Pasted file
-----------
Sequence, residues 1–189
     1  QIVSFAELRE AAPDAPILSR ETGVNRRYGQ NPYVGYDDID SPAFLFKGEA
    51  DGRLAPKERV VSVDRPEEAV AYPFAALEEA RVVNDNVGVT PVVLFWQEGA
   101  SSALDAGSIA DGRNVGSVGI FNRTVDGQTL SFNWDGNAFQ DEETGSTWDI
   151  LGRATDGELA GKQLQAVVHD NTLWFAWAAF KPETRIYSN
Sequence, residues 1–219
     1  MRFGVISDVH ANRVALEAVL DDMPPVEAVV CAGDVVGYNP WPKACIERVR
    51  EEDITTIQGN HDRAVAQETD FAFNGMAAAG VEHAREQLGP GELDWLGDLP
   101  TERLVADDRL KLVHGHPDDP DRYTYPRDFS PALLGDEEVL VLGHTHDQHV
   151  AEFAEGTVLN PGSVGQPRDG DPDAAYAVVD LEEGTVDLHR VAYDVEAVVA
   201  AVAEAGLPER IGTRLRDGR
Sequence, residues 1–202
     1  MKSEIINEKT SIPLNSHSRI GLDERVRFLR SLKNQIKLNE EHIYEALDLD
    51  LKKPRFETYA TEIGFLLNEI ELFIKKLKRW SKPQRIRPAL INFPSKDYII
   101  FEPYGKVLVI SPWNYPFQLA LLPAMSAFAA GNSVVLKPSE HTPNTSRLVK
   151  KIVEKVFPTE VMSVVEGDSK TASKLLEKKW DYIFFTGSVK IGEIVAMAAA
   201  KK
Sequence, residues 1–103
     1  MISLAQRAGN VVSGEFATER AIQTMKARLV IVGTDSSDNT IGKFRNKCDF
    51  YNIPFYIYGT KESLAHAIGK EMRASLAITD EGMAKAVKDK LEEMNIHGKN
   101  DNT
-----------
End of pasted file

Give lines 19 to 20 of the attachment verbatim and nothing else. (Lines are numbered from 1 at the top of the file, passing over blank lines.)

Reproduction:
     1  MISLAQRAGN VVSGEFATER AIQTMKARLV IVGTDSSDNT IGKFRNKCDF
    51  YNIPFYIYGT KESLAHAIGK EMRASLAITD EGMAKAVKDK LEEMNIHGKN